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Being a Female Writer With Imposter Syndrome 

The opinions expressed in this article are the writer’s own and do not reflect the views of Her Campus.
This article is written by a student writer from the Her Campus at Temple chapter.

Why do I feel like I don’t deserve my accomplishments?  

Last semester, I made the dean’s list, meaning I was in the top 16% of GPAs in my college. It took me two weeks to tell anyone about it because it just didn’t seem like that big of a deal to me. It was what was expected of me, and do I really deserve praise for that? 

I don’t think that I have ever truly felt good enough. Ever since I was little, I was an anxiety-riddled-overachieving-perfectionist. It doesn’t matter what I have accomplished, if I’ve gotten straight As, or have had my writing published. There’s always some voice saying that I could’ve done better. When I get praise for my accomplishments, I feel like I don’t deserve them.  

I am a female writer with imposter syndrome. 

Imposter syndrome is a behavioral phenomenon that consists of self-doubt of intelligence, skills, and/or accomplishments in high-achieving people. The National Institute of Health describes it as when individuals cannot internalize their success and experience pervasive feelings of self-doubt, anxiety, depression, and/or apprehension of being exposed as a fraud in their work, despite evidence of their success. 

I currently write for three separate media organizations on my college campus. I’m also an RA, work an on-campus job, and still manage to maintain an A average. Somehow this isn’t good enough for me. I don’t deserve the praise I get for all of this. I’m not exactly sure why I feel this way, though.  

I know that I am allowed to feel proud of myself and to celebrate my accomplishments, but there’s part of me that can’t. I don’t want anyone to think I’m bragging, or that what I’m celebrating isn’t actually a big deal. Anytime I try to promote my articles or tell people what exciting things I have going on in my life, I’m scared. I mean, there’s plenty of other people doing what I’m doing and more.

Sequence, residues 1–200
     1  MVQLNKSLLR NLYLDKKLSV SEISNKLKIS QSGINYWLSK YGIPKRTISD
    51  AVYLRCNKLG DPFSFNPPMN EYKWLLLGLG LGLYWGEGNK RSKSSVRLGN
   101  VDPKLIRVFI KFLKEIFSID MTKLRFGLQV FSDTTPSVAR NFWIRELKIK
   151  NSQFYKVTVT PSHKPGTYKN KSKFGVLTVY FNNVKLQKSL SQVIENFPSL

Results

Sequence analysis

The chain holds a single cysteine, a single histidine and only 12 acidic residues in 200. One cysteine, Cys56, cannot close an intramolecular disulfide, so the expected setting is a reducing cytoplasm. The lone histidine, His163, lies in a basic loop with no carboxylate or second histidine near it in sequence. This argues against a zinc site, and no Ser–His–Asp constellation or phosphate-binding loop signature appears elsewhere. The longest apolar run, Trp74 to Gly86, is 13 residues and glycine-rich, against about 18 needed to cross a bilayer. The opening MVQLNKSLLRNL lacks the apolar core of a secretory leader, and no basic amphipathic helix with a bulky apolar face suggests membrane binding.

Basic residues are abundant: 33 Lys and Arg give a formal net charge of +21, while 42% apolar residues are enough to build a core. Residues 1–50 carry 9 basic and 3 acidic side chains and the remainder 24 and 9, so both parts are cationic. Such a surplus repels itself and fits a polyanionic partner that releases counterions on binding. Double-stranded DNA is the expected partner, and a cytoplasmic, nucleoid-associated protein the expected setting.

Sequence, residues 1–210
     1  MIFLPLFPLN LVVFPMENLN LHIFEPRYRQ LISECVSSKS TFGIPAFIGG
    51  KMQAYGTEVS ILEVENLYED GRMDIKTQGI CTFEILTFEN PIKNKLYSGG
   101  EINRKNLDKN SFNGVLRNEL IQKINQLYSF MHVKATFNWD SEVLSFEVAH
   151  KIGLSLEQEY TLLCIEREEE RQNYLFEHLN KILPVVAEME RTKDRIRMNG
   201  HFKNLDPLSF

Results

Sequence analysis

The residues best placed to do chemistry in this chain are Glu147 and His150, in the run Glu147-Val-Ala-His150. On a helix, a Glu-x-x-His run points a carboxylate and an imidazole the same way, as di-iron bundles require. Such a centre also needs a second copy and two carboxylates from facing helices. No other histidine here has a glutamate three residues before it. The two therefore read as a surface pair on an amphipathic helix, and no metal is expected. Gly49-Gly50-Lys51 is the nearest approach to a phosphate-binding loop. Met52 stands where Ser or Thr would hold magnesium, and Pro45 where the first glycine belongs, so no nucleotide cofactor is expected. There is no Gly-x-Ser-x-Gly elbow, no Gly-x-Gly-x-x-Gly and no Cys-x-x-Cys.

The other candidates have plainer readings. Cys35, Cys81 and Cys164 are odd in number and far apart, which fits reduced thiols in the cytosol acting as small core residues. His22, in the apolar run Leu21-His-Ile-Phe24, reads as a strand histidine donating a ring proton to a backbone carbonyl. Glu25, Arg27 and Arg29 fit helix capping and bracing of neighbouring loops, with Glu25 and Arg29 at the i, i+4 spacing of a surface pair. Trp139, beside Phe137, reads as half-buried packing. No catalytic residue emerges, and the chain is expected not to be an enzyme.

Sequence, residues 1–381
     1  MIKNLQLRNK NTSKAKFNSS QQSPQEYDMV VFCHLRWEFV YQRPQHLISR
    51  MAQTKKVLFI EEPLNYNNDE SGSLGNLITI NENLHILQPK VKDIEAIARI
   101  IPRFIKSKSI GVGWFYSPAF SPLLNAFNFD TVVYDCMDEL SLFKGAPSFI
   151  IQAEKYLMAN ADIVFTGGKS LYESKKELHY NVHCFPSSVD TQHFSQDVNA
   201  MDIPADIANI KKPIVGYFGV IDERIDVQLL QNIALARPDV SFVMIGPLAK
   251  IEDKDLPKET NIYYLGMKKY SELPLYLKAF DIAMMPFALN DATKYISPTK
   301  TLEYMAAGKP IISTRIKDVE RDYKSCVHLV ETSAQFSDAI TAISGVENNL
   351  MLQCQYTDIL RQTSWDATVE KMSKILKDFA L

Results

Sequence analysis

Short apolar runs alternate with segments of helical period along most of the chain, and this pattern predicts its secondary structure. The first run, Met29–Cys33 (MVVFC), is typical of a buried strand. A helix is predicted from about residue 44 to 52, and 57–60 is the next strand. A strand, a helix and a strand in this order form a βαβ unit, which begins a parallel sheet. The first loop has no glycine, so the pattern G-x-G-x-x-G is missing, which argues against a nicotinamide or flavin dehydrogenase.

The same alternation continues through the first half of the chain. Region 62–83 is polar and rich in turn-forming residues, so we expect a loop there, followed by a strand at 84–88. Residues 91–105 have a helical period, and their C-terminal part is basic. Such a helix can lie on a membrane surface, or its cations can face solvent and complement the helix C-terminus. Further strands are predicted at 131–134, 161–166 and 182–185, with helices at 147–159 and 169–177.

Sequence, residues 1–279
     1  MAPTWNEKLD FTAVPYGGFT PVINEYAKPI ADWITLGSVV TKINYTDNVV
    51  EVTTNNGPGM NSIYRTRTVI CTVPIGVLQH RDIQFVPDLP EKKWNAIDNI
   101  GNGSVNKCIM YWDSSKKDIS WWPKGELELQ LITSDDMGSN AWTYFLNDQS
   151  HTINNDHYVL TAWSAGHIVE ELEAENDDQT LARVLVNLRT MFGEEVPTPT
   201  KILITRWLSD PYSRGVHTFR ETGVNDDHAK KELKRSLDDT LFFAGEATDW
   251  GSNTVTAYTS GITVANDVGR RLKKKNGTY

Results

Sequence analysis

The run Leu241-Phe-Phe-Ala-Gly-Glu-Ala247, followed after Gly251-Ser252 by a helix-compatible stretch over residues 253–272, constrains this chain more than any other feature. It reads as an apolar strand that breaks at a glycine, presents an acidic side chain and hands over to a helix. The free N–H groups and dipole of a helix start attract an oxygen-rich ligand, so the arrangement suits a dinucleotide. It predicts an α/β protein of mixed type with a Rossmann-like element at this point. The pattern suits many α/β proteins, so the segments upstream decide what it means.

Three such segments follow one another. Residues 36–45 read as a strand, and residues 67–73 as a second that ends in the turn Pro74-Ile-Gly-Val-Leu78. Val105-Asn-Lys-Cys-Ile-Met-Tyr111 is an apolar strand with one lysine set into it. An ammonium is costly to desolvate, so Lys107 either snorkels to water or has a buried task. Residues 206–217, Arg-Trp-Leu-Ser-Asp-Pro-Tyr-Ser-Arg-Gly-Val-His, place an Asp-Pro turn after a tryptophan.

Even when people do express pride in me, it’s hard to believe they’re being genuine. To this day I feel like people compliment me because they feel bad for me. Or even if they are sincere, I’ve somehow tricked them into thinking I was this brilliant person.  

It creates such a mental block when I am trying to put out writing pieces. Everything I write has to be perfect and something that I’m 100% proud of. This makes it impossible for me to even start writing. If it’s not immediately my magnum opus, then what’s the point? Even this article that you’re reading right now was met with so much procrastination of just staring at my computer screen.  

Women are actually more likely to downplay their achievements than men, and 53% of women experience imposter syndrome. There is a stigma that if women celebrate their work, we’ll seem full of ourselves and arrogant. 

Imposter syndrome isn’t something that I think I’ll ever shake. The best way to combat it, though, is by talking about it

I often use my article topics to help make sense of the emotions or experiences that I face. The problems that come with these never truly go away for me, but putting them out into the world makes it seem so much smaller. Telling myself that I’m allowed to be proud of the work that I have done doesn’t really do anything. Maybe having other people read about my experience will help me though. It might make some people feel less alone in their experience with imposter syndrome.  

If you’re struggling with imposter syndrome, I urge you to talk about it. Whether that be with a mental health professional or a friend, or what I’m doing and using your chosen career path to express it, getting it off your chest makes a difference.  

Gianna is a staff writer for Her Campus at Temple University, and a sophomore at Temple University. She usually writes under the Health section, and often covers her personal struggles with mental health and body dysmorphia. Gianna has loved writing ever since she was little. In high school, she had an internship with her local newspaper, also writing for the health section. In college she writes The Temple News and the Templar Yearbook. Her home is in Southern Delaware with her three dogs (who she misses dearly) Keno, Caesar, and Nero. Follow her on Twitter and Instagram @ggvogess